ProtoSnap LilyPad Development Simple Hookup Guide
The ProtoSnap Circuit
What’s great about the ProtoSnap is all of the boards I mentioned above, sold separately, are mish-mashed and wired together. Before programming the Arduino board, it’s important to know just how all of those boards are wired together.
Each pin on the Arduino Simple Board is given a distinct number, which will be referenced in the Arduino code. Notice the white pin labels on the board - specifically those labeled 5, 6, 9, 10, 11, A2, A3, A4, and A5 - those are the pin numbers. They’ll be used time and time again in your Arduino sketch.
On the ProtoSnap, these pins are wired up to LEDs or buzzers (or, in some cases nothing). If you want to control an LED, or activate the buzzer, it’ll be important to know which pin they’re connected to. There are a few ways to find this out: you can actually see and trace the wires – the bronze-silver colored, squiggly lines running from one petal to the other – or you can reference the pin number. Or, you can check back to this handy table:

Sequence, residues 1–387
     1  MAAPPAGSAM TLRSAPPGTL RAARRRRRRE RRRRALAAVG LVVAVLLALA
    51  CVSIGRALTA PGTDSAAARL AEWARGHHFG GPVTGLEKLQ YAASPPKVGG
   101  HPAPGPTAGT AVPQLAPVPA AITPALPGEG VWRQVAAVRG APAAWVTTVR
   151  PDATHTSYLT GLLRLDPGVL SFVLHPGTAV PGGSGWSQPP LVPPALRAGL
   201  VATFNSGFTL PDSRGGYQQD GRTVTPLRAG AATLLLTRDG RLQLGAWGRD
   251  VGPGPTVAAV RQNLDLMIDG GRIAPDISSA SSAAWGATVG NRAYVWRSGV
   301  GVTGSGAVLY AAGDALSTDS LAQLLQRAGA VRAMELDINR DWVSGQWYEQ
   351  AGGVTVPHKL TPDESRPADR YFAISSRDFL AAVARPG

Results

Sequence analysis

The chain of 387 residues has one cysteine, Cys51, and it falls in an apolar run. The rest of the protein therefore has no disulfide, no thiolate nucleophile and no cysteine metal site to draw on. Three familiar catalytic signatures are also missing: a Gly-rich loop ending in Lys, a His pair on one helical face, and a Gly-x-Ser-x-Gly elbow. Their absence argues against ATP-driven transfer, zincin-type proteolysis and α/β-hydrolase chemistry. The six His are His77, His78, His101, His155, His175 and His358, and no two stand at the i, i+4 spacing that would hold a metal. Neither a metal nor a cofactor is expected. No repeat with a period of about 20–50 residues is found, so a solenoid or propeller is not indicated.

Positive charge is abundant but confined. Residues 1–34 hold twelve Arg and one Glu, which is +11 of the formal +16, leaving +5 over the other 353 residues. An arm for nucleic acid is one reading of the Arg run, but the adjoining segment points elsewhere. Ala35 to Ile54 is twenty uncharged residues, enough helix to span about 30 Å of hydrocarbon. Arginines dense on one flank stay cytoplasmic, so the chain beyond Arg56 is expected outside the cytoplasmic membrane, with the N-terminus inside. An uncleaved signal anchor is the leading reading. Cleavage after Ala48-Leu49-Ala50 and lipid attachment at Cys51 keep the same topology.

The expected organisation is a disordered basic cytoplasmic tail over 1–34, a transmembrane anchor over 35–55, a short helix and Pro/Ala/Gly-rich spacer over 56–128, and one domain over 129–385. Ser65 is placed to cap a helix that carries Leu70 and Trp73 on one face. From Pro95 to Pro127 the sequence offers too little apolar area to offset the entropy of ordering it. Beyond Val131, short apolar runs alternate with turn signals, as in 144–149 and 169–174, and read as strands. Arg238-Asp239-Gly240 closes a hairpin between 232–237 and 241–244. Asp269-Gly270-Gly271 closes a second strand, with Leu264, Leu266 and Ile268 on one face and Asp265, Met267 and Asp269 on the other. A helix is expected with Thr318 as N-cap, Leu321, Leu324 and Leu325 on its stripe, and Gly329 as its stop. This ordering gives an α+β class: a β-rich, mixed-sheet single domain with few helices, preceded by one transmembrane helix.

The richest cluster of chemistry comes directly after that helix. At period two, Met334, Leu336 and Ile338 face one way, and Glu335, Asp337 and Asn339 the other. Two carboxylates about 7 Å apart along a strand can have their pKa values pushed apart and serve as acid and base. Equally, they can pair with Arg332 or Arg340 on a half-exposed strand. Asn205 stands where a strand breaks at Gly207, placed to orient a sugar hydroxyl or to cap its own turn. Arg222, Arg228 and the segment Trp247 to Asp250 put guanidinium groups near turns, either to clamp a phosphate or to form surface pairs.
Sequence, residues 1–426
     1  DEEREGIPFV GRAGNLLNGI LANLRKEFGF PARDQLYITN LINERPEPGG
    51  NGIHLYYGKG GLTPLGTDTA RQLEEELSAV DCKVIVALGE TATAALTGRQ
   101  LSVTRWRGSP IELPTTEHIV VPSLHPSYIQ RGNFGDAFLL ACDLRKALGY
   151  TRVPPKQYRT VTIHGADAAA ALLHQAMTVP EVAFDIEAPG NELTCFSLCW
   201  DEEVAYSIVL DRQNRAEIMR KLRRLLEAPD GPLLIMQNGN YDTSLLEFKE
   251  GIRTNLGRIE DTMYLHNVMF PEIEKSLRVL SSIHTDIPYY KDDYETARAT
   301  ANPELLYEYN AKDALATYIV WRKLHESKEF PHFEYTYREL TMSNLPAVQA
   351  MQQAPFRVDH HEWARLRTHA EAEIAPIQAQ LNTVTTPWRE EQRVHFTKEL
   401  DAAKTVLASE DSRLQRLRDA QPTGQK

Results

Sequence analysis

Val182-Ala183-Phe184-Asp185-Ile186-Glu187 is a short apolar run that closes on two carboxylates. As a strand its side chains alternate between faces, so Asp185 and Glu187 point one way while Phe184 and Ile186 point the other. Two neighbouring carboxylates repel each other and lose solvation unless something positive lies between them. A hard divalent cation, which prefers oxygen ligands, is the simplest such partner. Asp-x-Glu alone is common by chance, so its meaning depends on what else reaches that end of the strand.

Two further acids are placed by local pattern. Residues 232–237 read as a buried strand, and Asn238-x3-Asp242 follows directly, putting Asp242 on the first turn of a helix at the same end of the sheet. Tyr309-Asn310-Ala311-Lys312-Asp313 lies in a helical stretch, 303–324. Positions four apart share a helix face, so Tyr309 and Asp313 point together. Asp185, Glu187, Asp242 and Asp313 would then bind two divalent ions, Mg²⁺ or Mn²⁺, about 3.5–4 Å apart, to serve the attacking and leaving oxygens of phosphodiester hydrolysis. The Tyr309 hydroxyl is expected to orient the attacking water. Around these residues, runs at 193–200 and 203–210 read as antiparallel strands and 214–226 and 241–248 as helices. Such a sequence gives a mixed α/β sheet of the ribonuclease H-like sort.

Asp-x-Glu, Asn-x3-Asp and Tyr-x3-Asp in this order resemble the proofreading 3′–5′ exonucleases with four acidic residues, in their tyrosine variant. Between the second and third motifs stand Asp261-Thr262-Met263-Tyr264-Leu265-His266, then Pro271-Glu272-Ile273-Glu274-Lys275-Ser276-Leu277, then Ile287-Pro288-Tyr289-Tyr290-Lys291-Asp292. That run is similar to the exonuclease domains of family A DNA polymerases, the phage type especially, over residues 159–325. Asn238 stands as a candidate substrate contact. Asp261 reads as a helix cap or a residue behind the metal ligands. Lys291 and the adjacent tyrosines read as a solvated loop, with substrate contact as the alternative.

|Arduino Pin Number||Component||Input or Output?|
|13||On-board, green LED||OUTPUT|
To be clear, any of those pins could be configured as inputs or outputs. That input/output column is really only applicable when you’re using this exact circuit.
The inputs with an “A” in their name are analog inputs. They’re special. They can do everything a digital input can do, but they can also be used as an analog-to-digital converter. An ADC can read in a range of voltages, instead of just reading a high or a low. This makes them handy for sensing analog inputs (like the on-board touch sensor).